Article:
How do you parody what is already half a joke? How do you present an event that’s so ingrained in European pop culture as the Eurovision Song Contest to an American audience that has never paid attention? The wrong answer, is to make it a rom-com with the juggernaut singing competition as a backdrop. Unfortunately, that’s the direction Netflix’s Eurovision Song Contest: The Story of Fire Saga takes. Fortunately, when the film actually embraces the thing it’s trying to parody, it becomes almost as good as the real thing.
Co-written by self-confessed Eurovision fan, Will Ferrell, The Story of Fire Saga begins with what’s become the first fun fact that comes up whenever someone talks about Eurovision to a newcomer: that time ABBA won the contest with “Waterloo” in 1974. It is here that we meet Icelandic singer duo Fire Saga, made up of Lars Erickssong (Ferrell) and Sigrit Ericksdottir (Rachel McAdams) who really hope they are not siblings. You see, Sigrit has always had a thing for Lars, who has no space in his brain for anything that isn’t his lifelong dream of winning Eurovision, and the respect of his disappointed father (Pierce Brosnan). When an accidental boat explosion and a plot taken straight out of The Producers give Fire Saga a shot at competing in the real Eurovision, they’ll have to… spend most of their time in a dull romantic plot.
You see, the problem with The Story of Fire Saga is in part an issue of timing and business decisions. The film is made in association with the organization behind the real Eurovision, and Netflix itself bought the broadcast rights for Eurovision in the US last year — meaning the film never properly makes fun of, or portrays the weirdest and campiest the real Eurovision has to offer (which is a lot, you’re welcome). The other thing is that the film was clearly made as a companion piece to the real 2020 contest, as the film only had to provide a good and funny story, and leave the songs and performances to the real thing — until it got canceled. Watching the film as it was released now feels like having a very long, dull appetizer when you know you have the finest cavalcade of kitsch waiting for you as the main course.
It also doesn’t help that Will Ferrell is still trying to capture the lovable-teenage-goof humor that made him a comedy star nearly 2 decades ago. Besides plenty of dick jokes, the humor seems to come from Ferrel’s Lars being a complete joke of a man, and incredibly broad jokes about European stereotypes that are clearly made from a limited American lens — like the vaguely Scandinavian accent Pierce Brosnan is doing.
This feels unnecessary when Rachel McAdams is standing right there, doing a much better job with the very little material she’s given. Her role is unfortunately reduced to simply being the Nordic dream girl who is inexplicably madly in love with Lars, despite no evidence to suggest he is worthy of it. She is clearly the more talented of the duo, but even then the actress can’t take full credit for her wonderful singing, as Swedish singer Molly Sandén provided her fantastic singing voice. And as for her comedy, she easily stands toe-to-toe with Ferrell, but the film never gives her much agency or motivation besides “this is what Lars wants, so I must want it too.”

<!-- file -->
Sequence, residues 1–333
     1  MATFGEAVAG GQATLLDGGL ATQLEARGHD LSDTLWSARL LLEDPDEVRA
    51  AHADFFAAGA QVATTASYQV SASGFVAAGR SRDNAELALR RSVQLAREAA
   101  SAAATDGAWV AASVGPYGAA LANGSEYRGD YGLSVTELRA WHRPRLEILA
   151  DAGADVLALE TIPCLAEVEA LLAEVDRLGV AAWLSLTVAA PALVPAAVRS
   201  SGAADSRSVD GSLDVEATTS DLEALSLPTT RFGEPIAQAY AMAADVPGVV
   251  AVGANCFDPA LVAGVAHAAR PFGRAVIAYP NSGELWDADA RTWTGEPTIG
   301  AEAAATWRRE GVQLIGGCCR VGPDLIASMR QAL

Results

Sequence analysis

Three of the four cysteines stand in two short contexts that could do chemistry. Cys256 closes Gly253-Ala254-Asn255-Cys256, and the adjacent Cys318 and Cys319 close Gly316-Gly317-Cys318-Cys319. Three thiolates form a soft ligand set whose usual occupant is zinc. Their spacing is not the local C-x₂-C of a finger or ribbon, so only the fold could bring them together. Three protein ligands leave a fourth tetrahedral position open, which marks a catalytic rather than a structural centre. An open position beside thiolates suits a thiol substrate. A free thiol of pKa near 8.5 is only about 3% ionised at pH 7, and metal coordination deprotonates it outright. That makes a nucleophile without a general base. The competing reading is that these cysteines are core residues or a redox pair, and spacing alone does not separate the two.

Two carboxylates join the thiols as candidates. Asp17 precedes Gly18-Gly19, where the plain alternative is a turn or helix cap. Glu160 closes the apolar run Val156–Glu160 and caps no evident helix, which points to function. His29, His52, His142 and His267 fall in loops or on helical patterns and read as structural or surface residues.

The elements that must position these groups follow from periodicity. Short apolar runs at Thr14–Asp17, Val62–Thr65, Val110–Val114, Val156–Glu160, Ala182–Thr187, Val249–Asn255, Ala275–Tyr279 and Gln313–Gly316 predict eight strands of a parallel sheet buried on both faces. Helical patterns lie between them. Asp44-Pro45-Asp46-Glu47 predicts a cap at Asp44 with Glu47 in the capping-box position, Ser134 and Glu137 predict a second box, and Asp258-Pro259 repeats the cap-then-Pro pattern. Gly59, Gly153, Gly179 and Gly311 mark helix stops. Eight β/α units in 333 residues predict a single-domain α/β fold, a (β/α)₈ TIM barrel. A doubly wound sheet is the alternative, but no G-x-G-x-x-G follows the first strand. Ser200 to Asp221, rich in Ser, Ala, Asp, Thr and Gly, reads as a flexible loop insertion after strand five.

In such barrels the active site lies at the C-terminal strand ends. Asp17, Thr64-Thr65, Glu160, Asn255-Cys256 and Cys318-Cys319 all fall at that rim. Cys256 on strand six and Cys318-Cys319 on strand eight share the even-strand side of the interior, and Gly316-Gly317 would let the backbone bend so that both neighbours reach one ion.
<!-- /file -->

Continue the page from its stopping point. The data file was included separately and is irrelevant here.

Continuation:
As for the other actors, they are vastly underused. Demi Lovato has a fantastic cameo, but shows up in strange moments that add nothing to the story, while Natasia Demetriou gets a criminally short role in the film. That being said, the film’s highlight is undoubtedly Dan Stevens as the campy and rakish Russian contestant, Lemtov. He steals every scene he’s in, bringing a grander-than-life theatricality that the film lacks, as well as most of its laughs. Plus his Eurovision performance manages to be equal parts enthralling and ridiculously cheesy.
Thankfully, The Story of Fire Saga really comes to life when it enters the Eurovision stage. The film finally finds its footing when it stops focusing on the romance and instead shows just why an entire continent is so enamored with a show that features outlandish stanging, nonsensical lyrics, and a cavalcade of diverse and zany contestants. There are plenty of nods and references for Eurovision fans, like the hamster wheel from Ukraine’s 2014 entry song, or a cameo by Portugal’s Salvador Sobral’s playing his winning song from 2017, “Amar pelos dois,” and one of the best sequences in The Story of Fire Saga involves a singalong filled with Eurovision winners past like Sweden’s Loreen, Austria’s Conchita Wurst, Norway’s Alexander Ryback and Israel’s Netta where they sing a medley of hits — though why they don’t sing actual Eurovision songs is a mystery.
If there is one thing The Story of Fire Saga does well, is providing infectious Euro-pop bangers that both poke fun at the real Eurovision, while being fantastic homages to real Eurovision contenders, like the heavy metal banger “Hard Rock Hallelujah” by demonic-makeup-wearing band Lordi, which won in 2006, or Lemtov’s operatic homage to the irresistibly nutty dubstep vampire soprano Cezar. The other original songs, like Fire Saga’s “Volcano Man,” the Euro-pop “Double Trouble” and the heartfelt ballad “My Hometown” manage to be not parodies of Eurovision, but genuinely good, catchy, and delightfully weird songs that you could see performed at the real contest. Whenever the film shows the inner workings of the song contest, it makes you wish the movie was more This Is Spinal Tap and less Tallageda Nights.
Ultimately, Eurovision Song Contest: The Story of Fire Saga is best when it focuses on the first part of its title rather than the second when it reminds the audience of the wonderfully weird and endearing song contest. If only the filmmakers had realized that the best Eurovision parody was already made… by Eurovision itself in 2016.